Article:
Lehigh River Water Trail

Lehigh River Water Trail

The Lehigh River is a beautiful, natural resource offering opportunities for recreation and respite.

Water trails are navigable waterways suitable for canoes, kayaks and small motorized watercraft. Like conventional trails, water trails are recreational corridors between specific locations. Water trails are comprised of access points, boat launches, day use sites and – in some cases – overnight camping areas. Each water trail is unique, a reflection of Pennsylvania’s diverse geology, ecology and communities.

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Pennsylvania Water Trails embrace the Leave No Trace code of outdoor ethics that promotes the responsible use and enjoyment of the outdoors.

The Lehigh River Water Trail is 72 miles long, starting at White Haven and ending in the City of Easton at the Lehigh River’s confluence with the Delaware River. There the traveler can continue down the Delaware toward Philadelphia and beyond to Delaware Bay. The Lehigh River is a state-designated Scenic River and offers a wide diversity of plant and animal life.

Lehigh River Water Trail Manager

Wildlands Conservancy, the premier nonprofit land trust of the Lehigh Valley and 10-county Lehigh River watershed, also serves as the Lehigh River’s designated water trail manager. Wildlands has been creating lasting connections to nature since 1973 through land protection, environmental stewardship and education. As the Lehigh River Water Trail manager, Wildlands forwards education and recreation opportunities that support the continued protection of the Lehigh River, maintaining a perpetual focus on improved water quality and wildlife habitat throughout the watershed.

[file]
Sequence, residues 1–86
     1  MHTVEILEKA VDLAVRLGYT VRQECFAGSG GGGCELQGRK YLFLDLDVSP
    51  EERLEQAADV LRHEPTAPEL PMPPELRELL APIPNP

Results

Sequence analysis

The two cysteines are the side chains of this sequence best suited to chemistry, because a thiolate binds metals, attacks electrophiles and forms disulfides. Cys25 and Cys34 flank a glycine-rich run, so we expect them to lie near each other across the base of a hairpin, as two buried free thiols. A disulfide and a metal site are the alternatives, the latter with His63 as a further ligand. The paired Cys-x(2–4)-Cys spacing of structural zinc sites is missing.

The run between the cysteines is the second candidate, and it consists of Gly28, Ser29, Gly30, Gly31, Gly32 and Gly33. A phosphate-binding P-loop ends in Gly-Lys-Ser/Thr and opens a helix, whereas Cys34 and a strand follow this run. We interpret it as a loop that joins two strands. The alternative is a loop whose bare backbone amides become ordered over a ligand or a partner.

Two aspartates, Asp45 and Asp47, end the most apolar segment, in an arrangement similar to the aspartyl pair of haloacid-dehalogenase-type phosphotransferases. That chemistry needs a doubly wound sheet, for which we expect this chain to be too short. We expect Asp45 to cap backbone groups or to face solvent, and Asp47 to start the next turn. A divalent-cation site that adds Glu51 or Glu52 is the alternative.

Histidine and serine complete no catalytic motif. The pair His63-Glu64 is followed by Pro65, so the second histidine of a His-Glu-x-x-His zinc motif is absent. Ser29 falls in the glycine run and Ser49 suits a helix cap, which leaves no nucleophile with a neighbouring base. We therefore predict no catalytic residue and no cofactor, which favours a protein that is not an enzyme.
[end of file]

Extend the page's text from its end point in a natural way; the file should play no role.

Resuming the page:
Northern Section

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A kayaker maneuvering rapids as the Lehigh cuts through Jim Thorpe

This 41-mile segment of the Lehigh River Water Trail begins at White Haven, with an access point to the Lehigh Gorge State Park, and ends at Lehigh Gap along the Carbon-Lehigh-Northampton counties border. At the Gap, the Lehigh River cuts through the Kittatinny Ridge or “Blue Mountain,” an ecologically important area for conservation. Deep gorges and fast-moving water, as well as scenic beauty, characterize this section of the water trail. Substantial canoeing or kayaking experience is required to maneuver most sections in this reach of the Lehigh River. It contains several access points and traverses 26 miles of Lehigh Gorge State Park. Special whitewater safety regulations are required to paddle within the state park.

Southern Section

This 31-mile segment of the Lehigh River Water Trail begins at  Lehigh Gap and traverses through the Lehigh Valley to end at the confluence of the Lehigh River and Delaware River in the City of Easton.

Flat water is common in the metro-wildnerness reaches of Allentown and Bethlehem.

The wider, flatter reach of the Lehigh’s “metro-wildnerness”

This reach of the Lehigh River Water Trail widens out and tends to become more leisurely than the northern section. The land around the river is characterized by rolling hills and forested riparian corridors. The Lehigh River contains numerous access points in this section and passes through the urban centers of Allentown, Bethlehem and Easton.